“Everything looks different from the realms.”
As a multi-million dollar costume party largely set against some lavish set designs and innumerable CGI filled backdrops, Disney’s The Nutcracker and the Four Realms practically explodes off of the screen. This is a bath bomb of a movie, so colorful and frilly and visually spellbinding, and in that sense it’s hard not to dive right into the thick of things. The problem is that the magic of this grand spectacle can’t outlive or possibly be sustained for the entire length of the film. The Nutcracker opts to prioritize kaleidoscopic daydreams over logical storytelling, reducing this one to little more than a gorgeous, passing tornado made up of pixie dust.
Mostly sticking to the ballet’s original script in the opening act, Clara (Mackenzie Foy) spends Christmas Eve at an illustrious London party hosted by her Godfather (Morgan Freeman). Her Dad (Matthew Macfayden), still reeling from the recent loss of his beloved wife, gives each of the three children an early present. Clara receives a special, intricately designed egg from her late Mother, along with a note promising the gift will be all she ever needs. And yet it is locked. On the hunt she goes, disappearing through the mansion’s silk-stocking corridors to another world altogether. As she searches for the key, she also pursues her destiny. It’s a two birds with one stone type of narrative leap.
Clara meets Captain Phillip (Jayden Fowora-Knight in a role that’s too clearly his first professional acting gig), the eponymous nutcracker who serves as her compass throughout the Four Realms, except for the off-limits Land of Amusements ruled by the supposedly evil Mother Ginger (Helen Mirren). She meets the rest of the rulers, two of whom amount to well-dressed stand-ins, as well as the Sugar Plum Fairy (Keira Knightley). From here on out soft details begin to emerge as the film leads to more important questions. Clara’s Mother created this world but we don’t know why. Clara is led to the magical portal while her siblings are left behind, with the only reasoning being that she’s likely the favorite, or at least the most inquisitive. The film also has terrible control – or in this case restraint – over the identity of its true antagonist, crumbling into a final act that’s every bit as hackneyed and preposterous as The Santa Clause 3: The Escape Clause.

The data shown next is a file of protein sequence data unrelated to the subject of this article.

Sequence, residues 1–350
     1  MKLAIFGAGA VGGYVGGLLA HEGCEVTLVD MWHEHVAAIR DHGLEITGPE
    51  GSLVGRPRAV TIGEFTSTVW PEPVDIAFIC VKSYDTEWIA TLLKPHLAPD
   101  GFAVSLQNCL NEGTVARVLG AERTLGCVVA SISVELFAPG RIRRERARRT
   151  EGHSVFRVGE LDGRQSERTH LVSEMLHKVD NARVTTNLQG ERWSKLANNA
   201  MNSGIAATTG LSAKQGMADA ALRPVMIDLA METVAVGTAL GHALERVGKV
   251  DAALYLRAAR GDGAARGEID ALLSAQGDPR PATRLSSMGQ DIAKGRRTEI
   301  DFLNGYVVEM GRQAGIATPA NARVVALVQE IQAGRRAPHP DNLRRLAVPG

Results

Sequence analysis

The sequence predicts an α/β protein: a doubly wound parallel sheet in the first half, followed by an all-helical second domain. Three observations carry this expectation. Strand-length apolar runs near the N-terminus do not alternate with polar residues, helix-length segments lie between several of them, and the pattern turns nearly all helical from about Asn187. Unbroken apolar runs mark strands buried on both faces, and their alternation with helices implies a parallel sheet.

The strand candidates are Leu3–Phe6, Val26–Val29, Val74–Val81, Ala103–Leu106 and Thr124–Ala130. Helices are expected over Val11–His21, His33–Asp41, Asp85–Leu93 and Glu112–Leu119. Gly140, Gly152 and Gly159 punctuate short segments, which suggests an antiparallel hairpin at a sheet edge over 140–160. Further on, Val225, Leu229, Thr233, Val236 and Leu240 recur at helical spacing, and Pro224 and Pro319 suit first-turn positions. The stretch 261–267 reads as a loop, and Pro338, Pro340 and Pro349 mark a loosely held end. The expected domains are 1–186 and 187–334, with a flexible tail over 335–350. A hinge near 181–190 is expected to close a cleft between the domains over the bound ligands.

While the The Nutcracker clumsily takes on its ambitious journey with two left feet, there’s still plenty of devotion from the cast to make its outrageous theatrics a little bit grounded. Mackenzie Foy is the real deal, a needle in Hollywood’s haystack and the rare type of young performer who’s able to convey as much with her eyes as she is her voice. It’s also great fun to watch Keira Knightley play a posh, squeaky, cotton candy queen. Much like that amusement park spun sugar delight though, The Nutcracker and the Four Realms satisfies the imagination more than is does the taste buds, dissolving almost immediately. Disney’s latest attempts to muddle Tchaikovsky’s classical arrangements with the opulent ballroom look of 2015’s Cinderella, all while set in an alternate universe inspired by The Chronicles of Narnia. My sweet tooth enjoyed the film because it looks so delectable, and although it truly is a harmless sight for your soon to be sore eyes, the fleeting nature of memory favors emotional connections over this type of large-scale, gaudy imagery. Like a cupcake, the only memorable flavor here comes from the frosted top, and the rest is a plain vanilla filler.
“It’s impossible to open without a key.”
Rating: 2.5 out of 5